No matter how we try to evade it, technology has us all cornered
If you have a phone in your pocket - any basic phone - then it is very difficult to remain undetected in today's Ireland.
Mobile operators log your location by default, and hold this information for a year. But even when this data is deleted under existing law, your physical phone can reveal much more than you might have thought.
Modern technology is capable of extracting massive amounts of information from devices such as phones, sim cards, memory cards and hard drives, even when the device is dead or has been lying at the bottom of a reservoir for some time.
Gadgets such as Cellebrite's Universal Forensic Extraction Device can extract text messages, photos, passwords, location logs and details of other devices that the phone has come into contact with over Bluetooth. Even information you thought you had deleted from your phone or your sim card can often be retrieved.
It's not just phones, either. Most modern 'wearable' devices, such as health trackers and smartwatches, have a GPS or location-based component to them, providing a rich source of intelligence about where their owners go.
If you don't store much on your actual phone, everyday online services you use pinpoint and log a lot more about you than you might think, too. This week saw one of the biggest ever European class action law suits go from the Irish High Court to the European Court of Justice. And it is the result of an Austrian student's shock at finding out how much geographic and behavioural information Facebook gathered about him.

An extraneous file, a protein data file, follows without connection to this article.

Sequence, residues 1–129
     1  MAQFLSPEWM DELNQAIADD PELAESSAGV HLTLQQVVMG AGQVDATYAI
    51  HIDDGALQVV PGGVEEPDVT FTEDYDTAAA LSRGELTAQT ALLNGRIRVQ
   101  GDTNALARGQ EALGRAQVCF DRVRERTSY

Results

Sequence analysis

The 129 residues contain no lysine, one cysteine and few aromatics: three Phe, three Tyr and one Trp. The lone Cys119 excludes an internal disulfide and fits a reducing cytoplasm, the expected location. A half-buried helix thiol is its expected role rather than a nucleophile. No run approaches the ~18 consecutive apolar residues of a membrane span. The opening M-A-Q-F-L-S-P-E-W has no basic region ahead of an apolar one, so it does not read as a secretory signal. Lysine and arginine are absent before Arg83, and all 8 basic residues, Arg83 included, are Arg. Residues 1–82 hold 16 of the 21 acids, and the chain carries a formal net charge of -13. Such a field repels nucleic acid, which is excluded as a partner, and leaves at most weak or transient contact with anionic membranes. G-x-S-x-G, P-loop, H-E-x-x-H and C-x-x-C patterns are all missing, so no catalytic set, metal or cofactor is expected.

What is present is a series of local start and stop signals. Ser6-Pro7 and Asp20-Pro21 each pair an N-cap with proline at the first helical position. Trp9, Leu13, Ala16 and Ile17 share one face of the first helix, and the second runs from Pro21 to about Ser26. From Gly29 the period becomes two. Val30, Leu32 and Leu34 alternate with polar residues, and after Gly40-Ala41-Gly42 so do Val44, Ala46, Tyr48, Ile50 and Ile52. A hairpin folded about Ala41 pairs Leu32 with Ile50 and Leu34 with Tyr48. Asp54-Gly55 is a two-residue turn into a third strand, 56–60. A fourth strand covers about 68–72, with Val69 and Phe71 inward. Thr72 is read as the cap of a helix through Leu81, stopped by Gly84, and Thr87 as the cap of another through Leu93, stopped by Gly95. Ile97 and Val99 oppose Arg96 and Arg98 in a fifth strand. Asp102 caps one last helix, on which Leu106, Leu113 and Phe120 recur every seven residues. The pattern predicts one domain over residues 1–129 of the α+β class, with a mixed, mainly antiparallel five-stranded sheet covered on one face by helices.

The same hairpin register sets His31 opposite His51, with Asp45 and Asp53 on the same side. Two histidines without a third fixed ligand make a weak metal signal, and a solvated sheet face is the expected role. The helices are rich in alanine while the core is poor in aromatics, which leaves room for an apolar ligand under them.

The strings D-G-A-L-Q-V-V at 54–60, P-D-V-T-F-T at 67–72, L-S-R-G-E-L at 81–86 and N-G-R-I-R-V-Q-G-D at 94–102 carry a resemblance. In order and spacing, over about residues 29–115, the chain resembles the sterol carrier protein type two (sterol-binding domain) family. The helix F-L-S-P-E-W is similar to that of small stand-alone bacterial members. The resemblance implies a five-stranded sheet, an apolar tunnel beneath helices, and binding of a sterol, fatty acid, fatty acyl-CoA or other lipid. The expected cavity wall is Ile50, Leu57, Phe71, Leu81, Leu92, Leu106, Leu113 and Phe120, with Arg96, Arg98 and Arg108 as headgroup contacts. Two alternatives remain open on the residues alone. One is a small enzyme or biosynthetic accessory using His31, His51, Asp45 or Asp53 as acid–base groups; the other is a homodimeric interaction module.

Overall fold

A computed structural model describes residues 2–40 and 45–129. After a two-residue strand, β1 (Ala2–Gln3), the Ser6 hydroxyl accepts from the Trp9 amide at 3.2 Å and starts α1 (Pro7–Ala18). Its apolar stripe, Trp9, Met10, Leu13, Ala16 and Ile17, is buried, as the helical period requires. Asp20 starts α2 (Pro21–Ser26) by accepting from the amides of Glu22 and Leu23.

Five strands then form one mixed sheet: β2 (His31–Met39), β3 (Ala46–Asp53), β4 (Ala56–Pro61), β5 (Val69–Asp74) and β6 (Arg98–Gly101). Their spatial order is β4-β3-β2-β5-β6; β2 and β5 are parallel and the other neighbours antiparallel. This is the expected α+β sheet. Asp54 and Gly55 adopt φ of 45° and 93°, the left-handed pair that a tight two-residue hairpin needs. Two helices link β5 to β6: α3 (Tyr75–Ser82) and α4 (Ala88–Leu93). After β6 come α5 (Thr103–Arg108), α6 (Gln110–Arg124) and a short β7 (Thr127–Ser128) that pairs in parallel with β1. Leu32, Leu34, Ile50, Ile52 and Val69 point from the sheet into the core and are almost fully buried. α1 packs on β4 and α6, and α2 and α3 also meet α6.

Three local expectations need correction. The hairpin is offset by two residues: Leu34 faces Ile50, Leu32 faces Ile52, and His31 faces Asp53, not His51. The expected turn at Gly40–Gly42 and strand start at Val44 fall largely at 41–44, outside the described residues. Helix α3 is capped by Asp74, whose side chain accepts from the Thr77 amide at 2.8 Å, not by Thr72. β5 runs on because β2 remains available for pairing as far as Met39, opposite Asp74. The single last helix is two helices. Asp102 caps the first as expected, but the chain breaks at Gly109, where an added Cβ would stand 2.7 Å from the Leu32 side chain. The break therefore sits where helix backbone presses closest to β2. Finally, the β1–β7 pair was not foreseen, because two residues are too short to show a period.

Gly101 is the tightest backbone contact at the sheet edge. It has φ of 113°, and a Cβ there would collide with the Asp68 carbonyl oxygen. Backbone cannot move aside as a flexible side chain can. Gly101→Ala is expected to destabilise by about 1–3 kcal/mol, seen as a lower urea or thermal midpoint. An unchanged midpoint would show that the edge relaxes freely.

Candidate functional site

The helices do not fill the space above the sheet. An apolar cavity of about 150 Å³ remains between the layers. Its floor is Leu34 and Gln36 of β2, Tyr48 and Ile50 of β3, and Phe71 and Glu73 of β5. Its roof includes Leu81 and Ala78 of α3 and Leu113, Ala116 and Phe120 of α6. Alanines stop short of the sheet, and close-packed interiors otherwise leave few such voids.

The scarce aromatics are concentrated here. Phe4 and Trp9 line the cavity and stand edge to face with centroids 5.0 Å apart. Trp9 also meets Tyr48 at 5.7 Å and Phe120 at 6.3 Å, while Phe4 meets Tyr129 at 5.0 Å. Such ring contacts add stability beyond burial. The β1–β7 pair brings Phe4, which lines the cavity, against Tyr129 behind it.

In 2011, Max Schrems asked Facebook for all of the personal data - he got a CD with over 1,200 pages on it showing deleted chat conversations, event invitations he hadn't responded to, pokes and details on his physical location identified by computer and phone IP addresses. Much of this was from his phone.
And using a 'burner' pre-pay model doesn't really improve anonymity either. While TV shows depict tech-savvy criminals using alternate pre-pay phones as a security filter, this has proven to be an outdated idea of anonymity. At national security levels, state security organisations target phones physically and then simply hop on to calls made by tapping the relevant networks.
There is even evidence that what many thought to be the most securely encrypted channels - the Tor network, for instance - are now routinely infiltrated and monitored by security agencies.
Time and again, we have seen murderers tripped up by this general advance in forensic detection technology. If gardaí had not recovered two unregistered pre-pay phones at the bottom of a reservoir, Graham Dwyer would almost certainly have not been convicted.
Even with the phones in police custody, Mr Dwyer must have thought that he had a chance to deny association based on the lack of a 'contract' registration. But exhaustive comparative analysis between the phones' locations matched against other elements of his life were enough to persuade a jury that he was the phones' owner. If there is an example of how technology has us cornered even when we think we're being private, the Graham Dwyer case is it.